Reactive strategies are not effective. It is not sufficient to simply respond to reports that roadway safety elements require maintenance or repair. To protect roadway users, safety-related roadway elements must be replaced before they fail. Asset management systems help highway agencies develop work plans and budgets to maintain, repair, or replace hardware cost effectively and at the appropriate time.
To ensure the safety and efficiency of the roadway system, it is necessary to have a comprehensive approach to the design, installation, inventory, monitoring of condition and performance, and maintenance and repair of roadway safety hardware.
Continual condition and performance monitoring required: Roadway safety elements require continual monitoring because the condition of system components degrades relatively quickly and failures seriously compromise motorist safety. Weather conditions (particularly wind, snow, ice, as well as repeated freeze-thaw cycles), chloride applications, acid rain and other environmental factors, and traffic loads all take a daily toll on a roadway's condition.
Visual inspection is not always enough: Some roadway safety components require more than simply visual inspection. For example, the nighttime visibility of roadway signs (known as retroreflectivity) deteriorates steadily, and special equipment is required to measure sign visibility objectively.
Performance data are valuable: To determine future budget needs, highway agencies need to predict the performance life of guardrails, signs, pavement markings, and other roadway safety elements in their operating environments. Asset management systems are a valuable database of performance information.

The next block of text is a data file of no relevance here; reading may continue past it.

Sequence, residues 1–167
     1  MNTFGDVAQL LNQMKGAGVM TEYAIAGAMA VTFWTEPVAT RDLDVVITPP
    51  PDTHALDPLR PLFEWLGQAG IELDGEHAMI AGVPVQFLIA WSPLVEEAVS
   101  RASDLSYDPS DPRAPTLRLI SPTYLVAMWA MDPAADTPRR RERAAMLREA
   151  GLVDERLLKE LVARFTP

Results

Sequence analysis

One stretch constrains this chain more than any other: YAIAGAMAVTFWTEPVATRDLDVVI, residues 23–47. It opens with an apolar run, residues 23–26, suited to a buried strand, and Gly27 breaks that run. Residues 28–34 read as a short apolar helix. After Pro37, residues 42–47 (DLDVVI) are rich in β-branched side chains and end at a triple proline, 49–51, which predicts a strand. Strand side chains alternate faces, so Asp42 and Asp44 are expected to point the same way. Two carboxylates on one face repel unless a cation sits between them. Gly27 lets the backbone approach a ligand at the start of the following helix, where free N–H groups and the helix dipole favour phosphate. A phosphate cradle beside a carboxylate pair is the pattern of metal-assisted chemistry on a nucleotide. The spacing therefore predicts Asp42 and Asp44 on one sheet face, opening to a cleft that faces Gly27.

Figure 1. Photograph. Calculating the costs of snow and ice removal is a challenge for highway departments.
Why should you consider including roadway safety elements in your asset management system?
The key benefits of applying sound asset management principles to roadway safety elements are saving lives and money: the two major concerns of any road-operating agency. More specific benefits are:
What are the benefits of integrated asset management systems?
Even greater benefits-particularly about safety- can be realized by merging or integrating the data concerning various roadway hardware asset categories into a broader database covering most or all of the transportation agency's assets. Integrated systems:
Figure 2. Photograph. Information on the cost of maintaining guardrails mangled by crashes can be identified through highway management systems.
Answering such a question involves both examining options within each investment area and making tradeoffs across different potential investment areas. The definition of "investment areas" is flexible and needs to be tailored to how an individual agency does business. It may be safety investments compared to other safety investments (across the State or its counties, or to other types of safety improvements) or safety improvements compared to other types of roadway improvements (preservation, pavement, etc.). Each option and tradeoff is evaluated with respect to established performance objectives.
States Take Varied Approaches to Asset Management Systems for Roadway Safety Elements
All agencies manage their assets. Recently, State transportation agencies have begun to take steps toward the development of business tools and processes to support a comprehensive, strategic approach to resource allocation and utilization, based on well-defined business objectives. This is particularly true of roadway safety elements.